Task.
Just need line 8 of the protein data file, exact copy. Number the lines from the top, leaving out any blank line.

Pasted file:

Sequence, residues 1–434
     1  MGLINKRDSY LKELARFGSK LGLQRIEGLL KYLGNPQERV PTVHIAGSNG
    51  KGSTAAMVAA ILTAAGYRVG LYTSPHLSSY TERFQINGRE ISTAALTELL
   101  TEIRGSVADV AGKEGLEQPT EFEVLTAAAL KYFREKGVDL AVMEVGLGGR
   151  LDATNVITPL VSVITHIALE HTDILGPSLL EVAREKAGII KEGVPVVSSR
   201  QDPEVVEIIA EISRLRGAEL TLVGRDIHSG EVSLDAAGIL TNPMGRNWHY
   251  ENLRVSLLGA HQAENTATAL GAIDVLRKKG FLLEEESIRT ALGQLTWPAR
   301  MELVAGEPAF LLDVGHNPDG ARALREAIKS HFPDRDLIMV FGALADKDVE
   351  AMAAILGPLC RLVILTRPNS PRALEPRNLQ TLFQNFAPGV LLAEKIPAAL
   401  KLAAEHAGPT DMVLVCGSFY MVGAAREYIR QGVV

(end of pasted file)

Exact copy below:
   301  MELVAGEPAF LLDVGHNPDG ARALREAIKS HFPDRDLIMV FGALADKDVE